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Servers – The second one would be backend servers and the ability for your workstations and servers to work together. Servers themselves however don’t do anything but host applications. And it’s the applications that require integration with Identity services. Many applications have already been re-invented or adjusted to new standard, such as SAML and oAuth. Even if you use legacy authentication protocols (Kerberos, HTTP Header or Cookies) you can easily link these applications to Azure Active Directory to provide authentication and authorization information. The advantage of de-linking application servers from a central store is also that micro-segmentation is now possible!

Identity – Maybe I’ve should have started with this one first. After all, Active Directory is an Identity store. But the reason that I didn’t is because Azure Active Directory should become the authoritative store for identities, rendering this function a bit useless. We probably still need this functionality but only to provide us access to legacy protocols such as LDAP and Kerberos.

Certificate Services – Active Directory consists of many smaller services. Certificate Services being one of them. While it is still possible to utilize this function separately, obviously handing out certificates to users is not possible anymore if those users are not in the directory service anymore. But some devices can act on behalf of a user to still receive smartcard certificates.

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Space Shuttle Flight-Deck – old technology with buttons

Zero Trust Model

When you are letting your users roam free and use any device they want, you still want to ensure control. This is called the zero-trust model. Social networks do not check their user’s device for compliance, and yet, users send all their sensitive information to them. The information on those networks is worth a multitude of gold and yet, while breaches sometimes happen, they don’t seem to happen every day. This is because of the zero-trust model. When you adopt a native zero-trust model your users’ devices do not matter. Your applications and your data matters. For your users, the accessibility to these applications and data is of essence. And in pure-cloud architectures this is “more” easy to achieve as we use SalesForce, Office 365, HRWeb and Dynamics. But for legacy applications this is a bit harder to implement. Old rules and architectures stand in the way of adopting the zero-trust model and we often go back to Internal versus External users and a DMZ as semi-trusted zone. It’s time to get rid of all of that nonsense. No-one is to be trusted, with different devices going in and out of the corporate network it is near impossible to check everyone of them and make sure they are patched, not hacked into and running proper AV software that can actually detect 0-day malware attacks. And I’m sure many administrators fully trust their security software that they pay big money for, but 0-day is called 0-day for a reason. Adopting a zero-trust model where you don’t distinguish between internal and external is the only way to ensure a common operating model and equal playing field for your security devices.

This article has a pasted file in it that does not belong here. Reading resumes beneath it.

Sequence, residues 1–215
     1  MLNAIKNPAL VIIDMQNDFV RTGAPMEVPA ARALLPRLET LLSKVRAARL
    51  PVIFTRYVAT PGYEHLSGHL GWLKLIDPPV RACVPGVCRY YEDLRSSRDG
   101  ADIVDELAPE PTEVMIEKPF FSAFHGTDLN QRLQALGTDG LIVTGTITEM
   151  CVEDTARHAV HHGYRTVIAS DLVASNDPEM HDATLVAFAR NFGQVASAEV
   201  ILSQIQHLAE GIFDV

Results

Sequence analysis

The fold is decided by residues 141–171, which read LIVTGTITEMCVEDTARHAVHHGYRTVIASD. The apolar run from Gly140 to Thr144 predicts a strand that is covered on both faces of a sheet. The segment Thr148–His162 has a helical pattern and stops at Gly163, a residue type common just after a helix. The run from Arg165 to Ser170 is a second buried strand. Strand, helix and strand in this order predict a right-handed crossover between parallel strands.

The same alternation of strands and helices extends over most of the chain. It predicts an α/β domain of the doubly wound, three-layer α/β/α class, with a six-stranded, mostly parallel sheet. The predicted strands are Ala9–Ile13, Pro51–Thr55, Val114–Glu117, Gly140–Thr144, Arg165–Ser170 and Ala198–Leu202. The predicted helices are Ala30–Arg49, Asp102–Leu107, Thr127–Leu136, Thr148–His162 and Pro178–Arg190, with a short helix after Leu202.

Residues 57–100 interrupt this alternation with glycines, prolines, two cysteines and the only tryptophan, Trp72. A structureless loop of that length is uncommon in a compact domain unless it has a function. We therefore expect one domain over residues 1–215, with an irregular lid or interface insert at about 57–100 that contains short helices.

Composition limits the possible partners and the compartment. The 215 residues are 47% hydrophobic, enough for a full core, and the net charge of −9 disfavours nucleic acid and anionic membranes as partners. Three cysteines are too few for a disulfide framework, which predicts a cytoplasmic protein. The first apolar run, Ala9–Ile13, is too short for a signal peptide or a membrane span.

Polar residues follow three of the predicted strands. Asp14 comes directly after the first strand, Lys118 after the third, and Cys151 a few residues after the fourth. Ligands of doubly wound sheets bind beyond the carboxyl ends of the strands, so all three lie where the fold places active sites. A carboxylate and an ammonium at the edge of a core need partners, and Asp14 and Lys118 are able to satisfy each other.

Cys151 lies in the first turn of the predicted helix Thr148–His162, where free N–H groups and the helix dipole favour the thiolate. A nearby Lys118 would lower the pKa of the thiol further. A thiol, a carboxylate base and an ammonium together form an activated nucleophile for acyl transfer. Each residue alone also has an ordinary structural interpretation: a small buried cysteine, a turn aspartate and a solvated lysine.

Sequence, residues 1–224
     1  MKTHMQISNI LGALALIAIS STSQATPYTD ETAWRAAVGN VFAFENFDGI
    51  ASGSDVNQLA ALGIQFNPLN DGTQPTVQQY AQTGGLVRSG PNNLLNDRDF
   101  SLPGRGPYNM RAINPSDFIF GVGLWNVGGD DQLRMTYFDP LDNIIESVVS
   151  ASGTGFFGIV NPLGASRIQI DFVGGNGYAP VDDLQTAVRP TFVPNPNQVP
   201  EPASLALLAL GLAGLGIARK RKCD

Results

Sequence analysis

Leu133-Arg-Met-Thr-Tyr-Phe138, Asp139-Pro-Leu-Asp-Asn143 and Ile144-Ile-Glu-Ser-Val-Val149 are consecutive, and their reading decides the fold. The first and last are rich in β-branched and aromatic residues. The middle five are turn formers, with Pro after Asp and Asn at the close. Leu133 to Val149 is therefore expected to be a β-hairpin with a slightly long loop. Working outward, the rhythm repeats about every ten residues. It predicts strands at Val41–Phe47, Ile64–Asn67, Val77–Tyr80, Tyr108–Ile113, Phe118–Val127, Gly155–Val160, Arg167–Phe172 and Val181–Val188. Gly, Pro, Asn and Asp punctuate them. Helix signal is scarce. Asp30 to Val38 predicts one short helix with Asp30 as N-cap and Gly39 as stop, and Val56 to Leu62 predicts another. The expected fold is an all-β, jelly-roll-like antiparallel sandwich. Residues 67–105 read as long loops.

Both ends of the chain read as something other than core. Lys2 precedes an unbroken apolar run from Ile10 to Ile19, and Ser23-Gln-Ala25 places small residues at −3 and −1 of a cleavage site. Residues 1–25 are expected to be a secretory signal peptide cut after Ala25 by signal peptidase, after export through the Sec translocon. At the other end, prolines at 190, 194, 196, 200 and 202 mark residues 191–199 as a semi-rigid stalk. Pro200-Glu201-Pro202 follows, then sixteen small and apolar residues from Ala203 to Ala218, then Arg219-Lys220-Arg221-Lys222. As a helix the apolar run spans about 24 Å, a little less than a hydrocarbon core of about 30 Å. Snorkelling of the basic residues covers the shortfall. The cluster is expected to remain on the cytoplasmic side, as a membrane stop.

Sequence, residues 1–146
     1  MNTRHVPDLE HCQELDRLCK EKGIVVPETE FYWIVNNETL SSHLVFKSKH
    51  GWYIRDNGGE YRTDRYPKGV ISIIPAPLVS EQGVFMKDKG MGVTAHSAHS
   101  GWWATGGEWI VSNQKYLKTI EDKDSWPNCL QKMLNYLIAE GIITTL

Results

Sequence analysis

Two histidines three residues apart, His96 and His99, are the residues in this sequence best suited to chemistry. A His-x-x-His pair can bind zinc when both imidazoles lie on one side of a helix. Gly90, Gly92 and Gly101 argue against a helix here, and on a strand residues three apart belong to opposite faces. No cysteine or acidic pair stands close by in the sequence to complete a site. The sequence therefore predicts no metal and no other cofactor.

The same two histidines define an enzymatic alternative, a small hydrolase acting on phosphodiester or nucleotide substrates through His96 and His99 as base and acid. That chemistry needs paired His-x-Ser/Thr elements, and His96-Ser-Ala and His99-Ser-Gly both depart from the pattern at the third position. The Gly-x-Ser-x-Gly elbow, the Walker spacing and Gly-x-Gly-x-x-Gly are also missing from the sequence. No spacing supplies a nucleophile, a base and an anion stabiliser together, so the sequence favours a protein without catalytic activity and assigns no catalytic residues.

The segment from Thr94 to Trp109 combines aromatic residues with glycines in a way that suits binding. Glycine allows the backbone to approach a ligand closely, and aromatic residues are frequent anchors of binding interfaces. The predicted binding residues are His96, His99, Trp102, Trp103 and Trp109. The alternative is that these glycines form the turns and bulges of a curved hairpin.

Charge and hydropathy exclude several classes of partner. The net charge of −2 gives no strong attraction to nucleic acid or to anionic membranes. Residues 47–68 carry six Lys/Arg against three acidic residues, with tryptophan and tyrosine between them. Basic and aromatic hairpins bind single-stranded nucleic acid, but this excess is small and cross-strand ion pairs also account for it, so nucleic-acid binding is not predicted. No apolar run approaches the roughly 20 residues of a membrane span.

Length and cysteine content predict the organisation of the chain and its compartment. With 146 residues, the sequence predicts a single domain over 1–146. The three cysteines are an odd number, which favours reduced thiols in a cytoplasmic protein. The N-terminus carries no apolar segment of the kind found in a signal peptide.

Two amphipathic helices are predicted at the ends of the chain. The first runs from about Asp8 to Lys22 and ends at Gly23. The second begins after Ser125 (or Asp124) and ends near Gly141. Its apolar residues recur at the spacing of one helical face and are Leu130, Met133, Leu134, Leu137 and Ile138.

Centralizing Azure AD – Microsoft presentation

The distinction between “internal” and “external” should become a “dedicated user device” (allowing for WHfB login’s) and “public devices” (requiring MFA).

Secure Hybrid Access

Which brings me to the topic for the next few months on this blog. Secure Hybrid Access. While officially this is still using the existing architecture of on-premises Active Directory to Azure Active Directory and unlocking legacy applications on-premises I think we should kick it up a notch. Remove as many legacy applications depending on Active Directory protocols (LDAP lookups for firewalls, Radius, NTLM and Kerberos) and move them to Azure Active Directory supported protocols. I’ve already published a number of examples for F5 and using MIM and Azure AD App Proxy. But in case we can’t, lets use Active Directory as a protocol translation engine only, and focusing on Azure Active Directory as the authentication provider.

In short – the advantages that Azure AD brings (Identity Protection, Windows Hello for Business, FIDO/2, Conditional Access , Office 365 integration) must be leveraged not only for “cloud” applications.. but all your applications.. everywhere, make it easier for your users and your administrators and get everything more secure in 1 go…